Daily Mail payout to Sally Morgan over psychic 'scam' article
The publisher of the Daily Mail has agreed to pay "substantial" damages to a psychic after an article suggested she had "perpetrated a scam" on a theatre audience, a judge has heard.
Associated Newspapers has apologised to Sally Morgan and also agreed to pay her legal costs, the High Court was told.
Mr Justice Tugendhat heard Mrs Morgan was a psychic who had become well-known through TV and theatre appearances.
A statement on Mrs Morgan's website revealed the payout had been £125,000.
And she herself was quoted as saying: "It was an unjustified and unfair attack and it has been a very difficult, costly and painful process to get where I am today and to rectify that wrong.
"There will always be sceptics who attack my work and I understand and accept that. However, to libel me and falsely accuse me of a con trick does not constitute rational commentary or debate. I hope now this settlement and apology will repair the damage that has been done."'Enormous distress'
Mrs Morgan sued for libel after the article was published in September 2011.
Her lawyer, Graham Atkins, had told the court: "She has performed in over 600 shows in more than 100 different theatres or venues to audiences stretching into the hundreds of thousands."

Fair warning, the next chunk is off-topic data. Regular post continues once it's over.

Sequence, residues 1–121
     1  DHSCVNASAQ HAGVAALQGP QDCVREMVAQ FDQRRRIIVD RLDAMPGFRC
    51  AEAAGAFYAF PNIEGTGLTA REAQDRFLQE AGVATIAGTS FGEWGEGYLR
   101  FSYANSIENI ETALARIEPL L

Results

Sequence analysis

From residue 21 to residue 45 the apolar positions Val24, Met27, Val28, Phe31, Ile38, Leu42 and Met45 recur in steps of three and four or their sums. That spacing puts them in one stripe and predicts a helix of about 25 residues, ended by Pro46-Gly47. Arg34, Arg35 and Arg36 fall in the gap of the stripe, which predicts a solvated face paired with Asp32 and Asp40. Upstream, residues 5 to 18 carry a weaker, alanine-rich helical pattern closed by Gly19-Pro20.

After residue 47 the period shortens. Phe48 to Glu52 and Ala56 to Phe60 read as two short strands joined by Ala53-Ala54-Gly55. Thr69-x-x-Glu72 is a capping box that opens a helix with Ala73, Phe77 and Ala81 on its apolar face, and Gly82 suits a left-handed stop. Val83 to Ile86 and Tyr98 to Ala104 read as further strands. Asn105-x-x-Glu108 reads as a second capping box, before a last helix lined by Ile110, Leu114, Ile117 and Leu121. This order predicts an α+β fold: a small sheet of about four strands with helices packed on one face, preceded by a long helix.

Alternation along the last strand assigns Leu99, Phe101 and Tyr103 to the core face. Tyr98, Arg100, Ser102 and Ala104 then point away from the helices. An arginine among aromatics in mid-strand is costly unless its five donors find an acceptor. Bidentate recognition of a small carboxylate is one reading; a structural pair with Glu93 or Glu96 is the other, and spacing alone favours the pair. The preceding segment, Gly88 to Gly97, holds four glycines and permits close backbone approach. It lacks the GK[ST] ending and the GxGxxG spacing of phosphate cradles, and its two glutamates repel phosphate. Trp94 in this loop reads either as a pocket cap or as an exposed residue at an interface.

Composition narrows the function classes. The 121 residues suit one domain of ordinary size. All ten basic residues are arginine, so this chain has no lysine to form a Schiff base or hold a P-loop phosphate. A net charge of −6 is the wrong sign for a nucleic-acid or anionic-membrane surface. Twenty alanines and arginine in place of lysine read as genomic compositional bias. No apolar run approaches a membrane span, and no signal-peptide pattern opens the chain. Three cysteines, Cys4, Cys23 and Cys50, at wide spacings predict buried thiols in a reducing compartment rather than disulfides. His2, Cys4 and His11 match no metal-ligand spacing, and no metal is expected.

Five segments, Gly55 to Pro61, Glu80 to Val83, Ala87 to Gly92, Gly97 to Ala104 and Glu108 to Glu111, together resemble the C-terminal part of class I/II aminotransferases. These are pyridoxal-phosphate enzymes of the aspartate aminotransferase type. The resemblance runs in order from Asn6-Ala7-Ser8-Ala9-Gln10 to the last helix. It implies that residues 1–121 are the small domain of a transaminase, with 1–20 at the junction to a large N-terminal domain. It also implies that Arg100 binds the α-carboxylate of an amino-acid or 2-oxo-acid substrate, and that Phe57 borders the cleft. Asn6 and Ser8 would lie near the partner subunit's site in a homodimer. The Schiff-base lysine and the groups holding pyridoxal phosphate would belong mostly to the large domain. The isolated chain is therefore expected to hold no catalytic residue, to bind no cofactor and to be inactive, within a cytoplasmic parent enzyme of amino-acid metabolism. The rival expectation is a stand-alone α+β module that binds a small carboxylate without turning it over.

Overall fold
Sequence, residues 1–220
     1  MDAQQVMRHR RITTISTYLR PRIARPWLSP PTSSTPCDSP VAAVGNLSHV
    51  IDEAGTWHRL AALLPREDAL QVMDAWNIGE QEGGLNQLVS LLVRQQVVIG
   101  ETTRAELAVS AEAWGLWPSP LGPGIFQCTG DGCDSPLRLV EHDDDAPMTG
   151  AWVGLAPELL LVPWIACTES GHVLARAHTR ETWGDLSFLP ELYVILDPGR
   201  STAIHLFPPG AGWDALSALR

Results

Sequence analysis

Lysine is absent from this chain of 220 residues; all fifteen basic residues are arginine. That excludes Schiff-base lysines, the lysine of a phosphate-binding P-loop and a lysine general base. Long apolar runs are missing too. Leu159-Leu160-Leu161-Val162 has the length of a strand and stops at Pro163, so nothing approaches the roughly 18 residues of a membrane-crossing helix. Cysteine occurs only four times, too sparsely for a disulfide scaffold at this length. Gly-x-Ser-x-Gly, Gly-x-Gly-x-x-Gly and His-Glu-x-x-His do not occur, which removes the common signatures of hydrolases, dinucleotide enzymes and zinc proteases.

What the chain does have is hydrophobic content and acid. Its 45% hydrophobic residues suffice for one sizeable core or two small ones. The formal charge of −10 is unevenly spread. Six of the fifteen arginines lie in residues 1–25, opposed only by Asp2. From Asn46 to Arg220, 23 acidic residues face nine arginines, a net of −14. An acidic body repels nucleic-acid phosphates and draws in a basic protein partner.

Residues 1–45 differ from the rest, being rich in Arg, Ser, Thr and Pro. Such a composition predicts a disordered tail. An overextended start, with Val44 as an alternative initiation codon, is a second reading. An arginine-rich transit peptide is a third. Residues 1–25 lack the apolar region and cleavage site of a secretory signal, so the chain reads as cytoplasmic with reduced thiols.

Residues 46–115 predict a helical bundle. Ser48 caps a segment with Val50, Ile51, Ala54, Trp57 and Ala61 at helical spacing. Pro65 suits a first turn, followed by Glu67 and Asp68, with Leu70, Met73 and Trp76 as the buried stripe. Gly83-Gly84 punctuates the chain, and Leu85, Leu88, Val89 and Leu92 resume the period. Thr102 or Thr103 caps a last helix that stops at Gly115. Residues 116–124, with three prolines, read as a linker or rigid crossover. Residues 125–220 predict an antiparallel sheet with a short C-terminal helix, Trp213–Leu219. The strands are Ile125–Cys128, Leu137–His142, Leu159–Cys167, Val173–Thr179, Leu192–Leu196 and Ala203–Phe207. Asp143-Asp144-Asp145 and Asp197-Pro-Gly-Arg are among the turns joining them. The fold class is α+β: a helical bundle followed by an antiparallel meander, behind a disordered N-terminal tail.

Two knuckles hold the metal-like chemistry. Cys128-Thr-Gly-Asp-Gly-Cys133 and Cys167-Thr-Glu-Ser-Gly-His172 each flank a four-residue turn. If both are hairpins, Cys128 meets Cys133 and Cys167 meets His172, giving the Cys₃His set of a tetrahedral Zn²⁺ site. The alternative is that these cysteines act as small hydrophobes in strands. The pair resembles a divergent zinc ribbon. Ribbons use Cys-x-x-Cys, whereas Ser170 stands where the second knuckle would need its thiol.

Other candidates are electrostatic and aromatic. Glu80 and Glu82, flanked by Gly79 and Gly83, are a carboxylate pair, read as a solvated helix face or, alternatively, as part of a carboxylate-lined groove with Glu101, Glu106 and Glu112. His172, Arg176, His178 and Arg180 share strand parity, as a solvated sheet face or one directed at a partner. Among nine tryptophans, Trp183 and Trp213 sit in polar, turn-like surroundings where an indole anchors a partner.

"It was following a theatre performance in September 2011 in Dublin that an article appeared in the Daily Mail which, in the context of a general attack on psychics as being charlatans, accused Mrs Morgan specifically of having used a hidden earpiece during her performance in order to receive instructions from her team which she then repeated on stage as if she had received them from the spirit world."
Sally Morgan profile
- Says she is able to "see and hear dead people"
- Appeared on ITV's Star Psychic programme in 2007
- Widely reported to have been a confidante of Princess Diana
- Claims to have a number of celebrities among her clients
He added: "The article thereby suggested that Mrs Morgan had deliberately and dishonestly perpetrated a scam on her audience in Dublin."
The allegation had "caused enormous distress to Mrs Morgan, who decided, given the newspaper's initial defence of the article, that she had no choice but to commence legal proceedings against the publisher of the Daily Mail", he said.
Brid Jordan, for Associated Newspapers, told the judge: "The Daily Mail withdraws the suggestion that Mrs Morgan used a secret earpiece at her Dublin show in September 2011 to receive messages from off-stage, thereby cheating her audience, which it accepts is untrue."
She added: "It apologises unreservedly to Mrs Morgan for publishing the allegation. It has agreed to pay her substantial damages, together with her legal costs, and it has also agreed not to repeat the allegation."